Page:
“What does information age mean for future of trade shows?”
Written by Dell Deaton. Originally published in print edition of Marketing News (a bi-weekly magazine of the American Marketing Association , ISSN 0025-3790, April 27, 1998) at 714 words.
In light of the changes we’ve seen in information delivery in the last year or so, it’s reasonable to wonder about the future of physically sited, time-sensitive marketing. The short answer to the question is that trade shows are likely to take on an even greater importance in business-to-business marketing in the 21st century.
This prediction is not despite the latest revolutions in technology but rather because of them. Advances in digital image manipulation and speed compromise marketing and sales in four areas: Credibility, focus, competition and time. Trade shows solve these problems.
Credibility is perhaps the newest and most significant factor to differentiate trade shows from other media. Video has developed to the point where it’s virtually impossible to tell the difference between fact and fantasy. Build-up time used to be a limiting factor; now the creation of fiction is much closer to real-time. That may be an asset for theatrical releases, but it can severely compromise your work in commercial purchasing cycles.
Executives rely on credible information for serious purchasing. Buyers still depend on their ability to walk up to an exhibitor’s booth and watch a machine in operation — confirming an extended, zero-defect run with their own eyes and touching finished products with the same hands that ultimately will sign the purchase order. Their livelihoods depend on “reality.”
In addition to needing to trust the marketing, you’re faced with more choices. Your suppliers aren’t just domestic these days, and your staff has been downsized — and the lean and mean survivors are no longer experts in the areas related to the choices they face. The need to focus is greater now than ever before.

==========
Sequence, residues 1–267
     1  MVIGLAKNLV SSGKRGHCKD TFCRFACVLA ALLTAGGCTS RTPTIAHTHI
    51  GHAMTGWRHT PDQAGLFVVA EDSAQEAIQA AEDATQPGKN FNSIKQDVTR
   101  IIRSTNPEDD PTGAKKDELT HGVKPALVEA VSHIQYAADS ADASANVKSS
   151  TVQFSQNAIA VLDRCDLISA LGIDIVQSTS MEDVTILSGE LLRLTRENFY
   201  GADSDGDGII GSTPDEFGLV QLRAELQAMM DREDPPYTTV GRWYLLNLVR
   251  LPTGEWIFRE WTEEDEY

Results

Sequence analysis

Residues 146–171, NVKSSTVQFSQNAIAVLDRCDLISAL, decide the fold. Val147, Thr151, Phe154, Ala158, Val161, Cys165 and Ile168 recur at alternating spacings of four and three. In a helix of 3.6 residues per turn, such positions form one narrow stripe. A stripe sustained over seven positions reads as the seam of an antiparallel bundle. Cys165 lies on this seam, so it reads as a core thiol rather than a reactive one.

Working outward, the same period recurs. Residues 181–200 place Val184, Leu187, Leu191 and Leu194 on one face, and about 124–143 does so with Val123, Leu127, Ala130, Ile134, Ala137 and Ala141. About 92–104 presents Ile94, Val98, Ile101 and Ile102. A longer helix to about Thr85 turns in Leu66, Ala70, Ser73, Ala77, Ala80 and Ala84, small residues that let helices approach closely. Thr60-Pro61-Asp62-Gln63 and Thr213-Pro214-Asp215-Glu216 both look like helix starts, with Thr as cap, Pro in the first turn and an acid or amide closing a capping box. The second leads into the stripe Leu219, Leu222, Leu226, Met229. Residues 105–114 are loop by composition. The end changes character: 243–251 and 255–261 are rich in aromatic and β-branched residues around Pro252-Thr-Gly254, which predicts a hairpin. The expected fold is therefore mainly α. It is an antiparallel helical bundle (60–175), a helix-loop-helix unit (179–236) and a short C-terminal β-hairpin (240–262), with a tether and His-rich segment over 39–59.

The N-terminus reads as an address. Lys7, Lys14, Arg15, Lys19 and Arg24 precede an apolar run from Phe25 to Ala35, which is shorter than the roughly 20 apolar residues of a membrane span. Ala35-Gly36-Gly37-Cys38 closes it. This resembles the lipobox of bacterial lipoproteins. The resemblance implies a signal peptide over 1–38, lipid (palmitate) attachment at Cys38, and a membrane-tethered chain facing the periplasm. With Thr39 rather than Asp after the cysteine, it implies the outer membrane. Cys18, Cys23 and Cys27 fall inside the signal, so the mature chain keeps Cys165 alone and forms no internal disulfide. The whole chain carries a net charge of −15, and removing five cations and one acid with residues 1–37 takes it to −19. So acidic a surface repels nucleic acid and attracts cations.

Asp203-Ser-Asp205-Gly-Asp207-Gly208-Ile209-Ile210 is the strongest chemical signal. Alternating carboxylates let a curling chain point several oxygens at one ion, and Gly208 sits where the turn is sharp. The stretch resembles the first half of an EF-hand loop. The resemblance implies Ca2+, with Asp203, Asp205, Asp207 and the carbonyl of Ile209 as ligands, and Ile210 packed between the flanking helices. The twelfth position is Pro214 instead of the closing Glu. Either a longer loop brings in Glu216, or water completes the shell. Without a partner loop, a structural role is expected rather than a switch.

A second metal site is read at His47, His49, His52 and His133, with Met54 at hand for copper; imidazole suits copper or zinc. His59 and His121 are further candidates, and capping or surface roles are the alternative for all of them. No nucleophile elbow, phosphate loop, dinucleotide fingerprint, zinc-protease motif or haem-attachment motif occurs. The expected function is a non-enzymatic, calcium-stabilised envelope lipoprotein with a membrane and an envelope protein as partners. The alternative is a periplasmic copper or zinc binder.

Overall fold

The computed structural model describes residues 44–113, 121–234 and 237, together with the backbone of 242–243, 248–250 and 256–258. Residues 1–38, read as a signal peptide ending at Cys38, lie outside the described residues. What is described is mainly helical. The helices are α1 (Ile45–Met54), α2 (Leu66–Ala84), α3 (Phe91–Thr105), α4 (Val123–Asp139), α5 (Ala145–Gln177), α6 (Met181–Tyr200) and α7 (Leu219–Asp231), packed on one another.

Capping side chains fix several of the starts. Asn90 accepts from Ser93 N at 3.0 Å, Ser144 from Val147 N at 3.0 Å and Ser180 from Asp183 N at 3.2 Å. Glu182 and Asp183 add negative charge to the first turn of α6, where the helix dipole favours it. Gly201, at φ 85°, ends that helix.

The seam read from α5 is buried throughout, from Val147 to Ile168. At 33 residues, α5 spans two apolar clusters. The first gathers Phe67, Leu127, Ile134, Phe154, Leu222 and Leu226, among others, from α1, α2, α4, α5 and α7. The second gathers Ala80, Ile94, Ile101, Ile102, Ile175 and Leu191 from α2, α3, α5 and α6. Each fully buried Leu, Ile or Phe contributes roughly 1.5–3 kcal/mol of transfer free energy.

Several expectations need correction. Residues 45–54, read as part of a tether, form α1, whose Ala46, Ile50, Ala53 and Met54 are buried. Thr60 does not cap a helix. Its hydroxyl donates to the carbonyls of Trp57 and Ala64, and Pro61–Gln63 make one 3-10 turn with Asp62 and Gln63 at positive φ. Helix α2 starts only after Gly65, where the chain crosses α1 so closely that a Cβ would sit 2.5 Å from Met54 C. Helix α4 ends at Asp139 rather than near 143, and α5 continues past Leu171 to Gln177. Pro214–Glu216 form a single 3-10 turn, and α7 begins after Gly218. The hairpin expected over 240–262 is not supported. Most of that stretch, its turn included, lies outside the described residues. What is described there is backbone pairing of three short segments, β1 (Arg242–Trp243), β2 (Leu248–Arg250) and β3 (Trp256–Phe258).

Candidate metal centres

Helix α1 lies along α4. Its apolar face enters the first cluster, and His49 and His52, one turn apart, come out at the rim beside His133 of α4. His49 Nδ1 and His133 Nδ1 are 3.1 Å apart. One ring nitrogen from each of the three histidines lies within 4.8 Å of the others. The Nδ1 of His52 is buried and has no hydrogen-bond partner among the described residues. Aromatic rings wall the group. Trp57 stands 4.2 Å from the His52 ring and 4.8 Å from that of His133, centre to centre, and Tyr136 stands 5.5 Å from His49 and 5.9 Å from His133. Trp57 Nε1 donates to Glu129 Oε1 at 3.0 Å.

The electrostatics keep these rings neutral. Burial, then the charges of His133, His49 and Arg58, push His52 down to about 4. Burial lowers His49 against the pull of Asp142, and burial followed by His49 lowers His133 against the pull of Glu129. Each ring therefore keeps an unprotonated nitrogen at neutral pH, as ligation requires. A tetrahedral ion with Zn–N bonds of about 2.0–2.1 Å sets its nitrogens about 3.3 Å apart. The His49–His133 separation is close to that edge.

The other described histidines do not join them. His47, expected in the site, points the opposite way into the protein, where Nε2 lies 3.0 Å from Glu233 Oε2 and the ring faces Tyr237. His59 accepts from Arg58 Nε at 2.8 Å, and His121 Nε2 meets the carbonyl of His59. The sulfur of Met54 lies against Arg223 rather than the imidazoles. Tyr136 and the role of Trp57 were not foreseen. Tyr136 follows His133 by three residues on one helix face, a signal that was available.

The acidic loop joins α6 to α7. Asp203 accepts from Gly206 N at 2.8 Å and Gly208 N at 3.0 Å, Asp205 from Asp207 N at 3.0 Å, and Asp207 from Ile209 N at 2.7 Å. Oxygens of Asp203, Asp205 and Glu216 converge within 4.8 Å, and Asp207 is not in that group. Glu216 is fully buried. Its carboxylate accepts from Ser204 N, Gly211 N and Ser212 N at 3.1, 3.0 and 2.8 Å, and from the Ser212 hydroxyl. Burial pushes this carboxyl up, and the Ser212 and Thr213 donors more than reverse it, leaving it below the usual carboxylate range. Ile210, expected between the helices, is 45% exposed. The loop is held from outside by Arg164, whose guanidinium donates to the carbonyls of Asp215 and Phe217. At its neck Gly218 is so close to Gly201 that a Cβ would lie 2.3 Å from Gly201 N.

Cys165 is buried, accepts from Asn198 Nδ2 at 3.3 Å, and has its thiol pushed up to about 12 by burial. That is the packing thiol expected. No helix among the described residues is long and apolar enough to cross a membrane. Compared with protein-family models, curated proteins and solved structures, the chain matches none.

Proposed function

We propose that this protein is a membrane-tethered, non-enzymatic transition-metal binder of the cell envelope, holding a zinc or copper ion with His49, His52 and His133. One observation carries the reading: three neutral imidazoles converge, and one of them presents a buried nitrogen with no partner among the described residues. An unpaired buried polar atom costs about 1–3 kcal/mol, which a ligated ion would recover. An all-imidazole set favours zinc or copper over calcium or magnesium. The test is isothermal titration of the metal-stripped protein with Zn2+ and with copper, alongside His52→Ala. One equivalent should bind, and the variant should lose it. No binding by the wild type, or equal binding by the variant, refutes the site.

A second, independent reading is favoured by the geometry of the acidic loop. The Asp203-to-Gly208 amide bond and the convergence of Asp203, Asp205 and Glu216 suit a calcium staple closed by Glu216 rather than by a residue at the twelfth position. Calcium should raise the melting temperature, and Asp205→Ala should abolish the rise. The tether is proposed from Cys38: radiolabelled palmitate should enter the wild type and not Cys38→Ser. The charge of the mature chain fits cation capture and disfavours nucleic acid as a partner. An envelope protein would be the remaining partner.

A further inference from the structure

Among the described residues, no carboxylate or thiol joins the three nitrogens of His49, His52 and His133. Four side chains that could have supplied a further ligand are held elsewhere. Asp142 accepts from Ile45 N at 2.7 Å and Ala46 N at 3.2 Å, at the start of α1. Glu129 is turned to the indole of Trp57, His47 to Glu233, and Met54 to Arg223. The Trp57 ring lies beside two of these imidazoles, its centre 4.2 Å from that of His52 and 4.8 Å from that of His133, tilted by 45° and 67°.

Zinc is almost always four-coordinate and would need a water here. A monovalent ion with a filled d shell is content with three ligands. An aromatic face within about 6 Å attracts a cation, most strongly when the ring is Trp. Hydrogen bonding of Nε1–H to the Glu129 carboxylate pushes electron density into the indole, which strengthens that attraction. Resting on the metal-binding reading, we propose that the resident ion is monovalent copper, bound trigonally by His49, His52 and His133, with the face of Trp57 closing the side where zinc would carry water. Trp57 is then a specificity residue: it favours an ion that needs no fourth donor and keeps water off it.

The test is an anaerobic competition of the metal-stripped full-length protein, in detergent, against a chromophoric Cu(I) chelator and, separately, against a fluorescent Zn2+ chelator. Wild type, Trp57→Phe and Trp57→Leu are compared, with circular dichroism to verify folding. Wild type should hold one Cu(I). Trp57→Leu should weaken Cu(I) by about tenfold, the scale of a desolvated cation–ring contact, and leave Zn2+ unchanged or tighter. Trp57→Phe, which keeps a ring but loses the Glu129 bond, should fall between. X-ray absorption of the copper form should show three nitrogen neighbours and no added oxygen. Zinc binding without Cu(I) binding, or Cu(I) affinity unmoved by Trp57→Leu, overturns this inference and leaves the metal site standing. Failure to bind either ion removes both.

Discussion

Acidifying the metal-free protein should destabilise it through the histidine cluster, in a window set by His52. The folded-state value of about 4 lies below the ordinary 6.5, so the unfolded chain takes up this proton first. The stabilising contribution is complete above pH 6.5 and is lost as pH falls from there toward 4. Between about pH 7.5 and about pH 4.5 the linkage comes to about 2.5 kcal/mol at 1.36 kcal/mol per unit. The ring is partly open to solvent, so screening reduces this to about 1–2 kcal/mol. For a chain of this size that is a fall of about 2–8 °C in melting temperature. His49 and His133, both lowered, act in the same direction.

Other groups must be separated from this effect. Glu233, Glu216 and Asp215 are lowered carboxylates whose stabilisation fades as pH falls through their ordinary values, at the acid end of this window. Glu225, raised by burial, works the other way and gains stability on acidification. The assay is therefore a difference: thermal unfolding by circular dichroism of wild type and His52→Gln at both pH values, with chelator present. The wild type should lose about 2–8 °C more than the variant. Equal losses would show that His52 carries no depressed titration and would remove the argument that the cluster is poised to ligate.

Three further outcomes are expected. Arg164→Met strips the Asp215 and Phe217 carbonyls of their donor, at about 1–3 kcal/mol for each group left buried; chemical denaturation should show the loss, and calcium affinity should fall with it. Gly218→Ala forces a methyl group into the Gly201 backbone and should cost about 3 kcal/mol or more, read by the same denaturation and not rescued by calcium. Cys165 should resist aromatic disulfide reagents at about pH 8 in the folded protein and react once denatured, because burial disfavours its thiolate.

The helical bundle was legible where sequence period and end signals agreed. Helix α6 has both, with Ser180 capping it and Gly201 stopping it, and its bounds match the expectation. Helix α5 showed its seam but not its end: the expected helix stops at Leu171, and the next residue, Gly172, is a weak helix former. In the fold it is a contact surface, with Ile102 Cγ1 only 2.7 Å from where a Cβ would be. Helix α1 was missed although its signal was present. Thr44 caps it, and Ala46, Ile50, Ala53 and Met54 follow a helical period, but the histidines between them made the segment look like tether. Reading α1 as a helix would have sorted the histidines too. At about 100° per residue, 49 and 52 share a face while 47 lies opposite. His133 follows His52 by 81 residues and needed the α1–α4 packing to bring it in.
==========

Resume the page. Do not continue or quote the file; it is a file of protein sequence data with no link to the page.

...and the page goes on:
Does data coming in over the computer help much? No, the work is compromised by distractions; those who begin the vendor identification process on-line complain of constant interruption. Offices today are deluged with information — via voice mail, e-mail, overnight mail, faxes, express packages — and lots of redundancy.
Information technology advances have brought all this. But trade shows provide a way to concentrate on key decisions through an environment characterized by “immersion diversion.” Without distraction, attendees are totally engaged and attentive to their industry issues.
Trade shows also deliver a dynamic system through an arena of competitive interaction. Electronic media replace more-comprehensive industry overviews with the tunnel vision of screen-by-screen thinking. Print advertising often has been described as one-way communication. Web interfaces have been heralded as ushering in an age of dialogue — but that’s what trade shows have offered all along.
Something’s still missing: The competitive element that drives marketing machines — companies that compete with the suppliers you work with, and your own competition.
No other marketing medium creates a marketplace. This one is constantly in motion, and the whole is greater than the sum of its parts. While some try to time trade shows to optimized industry buy cycles, I have seen exhibitions create that timing. Product introductions were delayed so they could have maximum impact at “the” industry event. Purchasing decisions were accelerated by what buyers now saw on the trade show floor.
Timing always has been a traditional strong suit for exhibitions. Busy executives on both the buyer and seller side historically have carved out time to deal with one another at trade shows. They know the central role of the face-to-face link; trade shows easily beat one-at-a-time treks to customer locations over a calendar year. An electronic information superhighway can’t address these issues. A fixed time and place also force the coming together of buyers and sellers unlike any other marketing medium. This can be a godsend in an era of information overload, where the most common decision is to “decide later.”
The notion of a specified time and place may seem limiting, given the everywhere, around-the-clock promise of the Internet. But here’s the rub: It is just a promise. Dialogues across time zones are no more real-time than any other communications outside of office hours. Inquiries that can’t be addressed through fixed on-screen menus must wait in a queue.
That takes us back to the opening question. The answer: In the 21st Century, trade shows will become an increasingly vital, competitive vehicle for business. They will be the engines necessary to deliver results on the broader marketing reach provided by the latest revolutions in technology.
- Dell first became a Professional Member of the American Marketing Association in 1991.